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Using Vectors on Intel Xeon Phi

The use of vector instructions can speed up applications tremendously when used correctly. The benefit is that much more work can be done in a clock cycle than by performing the operation one at a time. The Intel Xeon Phi coprocessor was designed with strong support for vector level parallelism. “When these techniques are used either individually or in combination in different areas of the application, the performance will surely be increased, in many cases without a lot of effort.”

Diffusion Optimization on Intel Xeon Phi

“The next step is to look at using OpenMP directives to create multiple threads to distribute the work over many threads and cores. A key OpenMP directive, #pragma omp for collapse, will collapse the inner two loops into one. The developer can then set the number of threads and cores to use and return the application to determine the performance. In one test case, three threads per physical core shows the best performance, by quite a lot compared to just using one or two threads per core.”

Fujitsu to Build 25 Petaflop Supercomputer at JCAHPC in Japan

Today Fujitsu announced an order for a 25 Petaflop supercomputer system from the University of Tokyo and the University of Tsukuba. Powered by Intel Knights Landing processors, the “T2K Open Supercomputer” will be deployed at the Joint Center for Advanced High-Performance Computing (JCAHPC), which the two universities jointly operate. “The new supercomputer will be an x86 cluster system consisting of 8,208 of the latest FUJITSU Server PRIMERGY x86 servers running next-generation Intel Xeon Phi processors. Due to be completely operational in December 2016, the system is expected to be Japan’s highest-performance supercomputer.”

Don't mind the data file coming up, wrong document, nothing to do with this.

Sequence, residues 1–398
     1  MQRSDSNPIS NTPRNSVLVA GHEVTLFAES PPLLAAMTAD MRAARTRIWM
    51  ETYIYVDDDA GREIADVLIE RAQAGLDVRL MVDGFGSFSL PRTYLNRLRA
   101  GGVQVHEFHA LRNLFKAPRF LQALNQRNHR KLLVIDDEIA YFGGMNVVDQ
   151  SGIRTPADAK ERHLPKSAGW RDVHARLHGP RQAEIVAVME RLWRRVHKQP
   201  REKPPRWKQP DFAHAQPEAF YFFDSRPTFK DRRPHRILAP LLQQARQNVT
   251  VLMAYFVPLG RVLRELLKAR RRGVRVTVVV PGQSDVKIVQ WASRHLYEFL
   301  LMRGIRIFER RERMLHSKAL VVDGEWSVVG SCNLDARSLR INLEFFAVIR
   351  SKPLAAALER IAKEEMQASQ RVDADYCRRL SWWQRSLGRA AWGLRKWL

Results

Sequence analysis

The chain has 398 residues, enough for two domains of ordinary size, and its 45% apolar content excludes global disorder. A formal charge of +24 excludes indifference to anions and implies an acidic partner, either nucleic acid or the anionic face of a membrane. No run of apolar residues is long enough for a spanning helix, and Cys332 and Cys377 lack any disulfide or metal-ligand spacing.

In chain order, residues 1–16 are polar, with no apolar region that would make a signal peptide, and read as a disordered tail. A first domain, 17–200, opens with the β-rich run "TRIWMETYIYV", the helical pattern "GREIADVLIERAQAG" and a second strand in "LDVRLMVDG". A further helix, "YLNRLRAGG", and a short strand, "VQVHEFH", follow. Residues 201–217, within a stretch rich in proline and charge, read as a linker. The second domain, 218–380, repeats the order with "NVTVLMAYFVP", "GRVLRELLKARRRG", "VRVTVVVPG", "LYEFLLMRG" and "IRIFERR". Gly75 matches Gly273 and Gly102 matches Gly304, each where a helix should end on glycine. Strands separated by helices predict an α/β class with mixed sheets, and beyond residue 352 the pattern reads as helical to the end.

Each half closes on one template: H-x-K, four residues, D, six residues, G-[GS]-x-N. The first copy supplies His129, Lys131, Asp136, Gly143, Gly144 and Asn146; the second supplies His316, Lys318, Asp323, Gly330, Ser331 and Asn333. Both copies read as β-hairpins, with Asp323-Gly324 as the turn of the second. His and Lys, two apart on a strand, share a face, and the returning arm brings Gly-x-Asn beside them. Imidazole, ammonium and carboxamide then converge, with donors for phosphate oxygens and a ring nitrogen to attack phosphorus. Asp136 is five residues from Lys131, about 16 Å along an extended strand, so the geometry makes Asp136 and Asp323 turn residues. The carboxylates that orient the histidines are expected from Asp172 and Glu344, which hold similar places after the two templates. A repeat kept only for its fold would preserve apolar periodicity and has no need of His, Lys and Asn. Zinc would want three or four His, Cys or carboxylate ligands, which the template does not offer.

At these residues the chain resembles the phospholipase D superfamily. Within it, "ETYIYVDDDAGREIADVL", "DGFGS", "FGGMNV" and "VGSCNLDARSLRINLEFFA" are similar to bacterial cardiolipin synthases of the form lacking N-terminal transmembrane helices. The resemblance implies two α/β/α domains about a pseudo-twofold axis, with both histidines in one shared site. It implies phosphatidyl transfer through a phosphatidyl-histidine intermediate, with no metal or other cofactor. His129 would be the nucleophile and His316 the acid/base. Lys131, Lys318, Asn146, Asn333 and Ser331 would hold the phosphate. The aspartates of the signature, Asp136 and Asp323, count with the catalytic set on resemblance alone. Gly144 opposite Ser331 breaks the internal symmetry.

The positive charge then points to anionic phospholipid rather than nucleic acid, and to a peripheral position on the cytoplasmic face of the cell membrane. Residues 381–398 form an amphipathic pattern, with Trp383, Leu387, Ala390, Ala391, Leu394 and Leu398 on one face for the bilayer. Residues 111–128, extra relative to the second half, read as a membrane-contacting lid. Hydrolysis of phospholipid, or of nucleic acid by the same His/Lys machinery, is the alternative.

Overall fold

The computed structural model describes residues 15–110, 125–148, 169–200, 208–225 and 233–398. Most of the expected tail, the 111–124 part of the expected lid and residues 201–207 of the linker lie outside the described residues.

Basics For Coprocessors

“The Intel Xeon Phi coprocessor is an example of a many core system that can greatly increase the performance of an application when used correctly. Simply taking a serial application and expecting tremendous performance gains will not happen. Rewriting parts of the application will be necessary to take advantage of the architecture of the Intel Xeon Phi coprocessor.”

Code Modernization for High Performance Hardware

“Parallel software and parallel hardware, used together will give the best results for an application. If the application is serial in nature, and the processor is serial, then there will obviously not be a great gain in performance. When the application is parallelized, but the processor is serial, again, no great gain. A third combination is when the application is serial and the processing is parallel. Since the application cannot take advantage of the increased power of the hardware, there will not be a great performance boost. The best and really only solution is to modify the application to run in parallel, using high performing parallel hardware.”

Why Parallelism?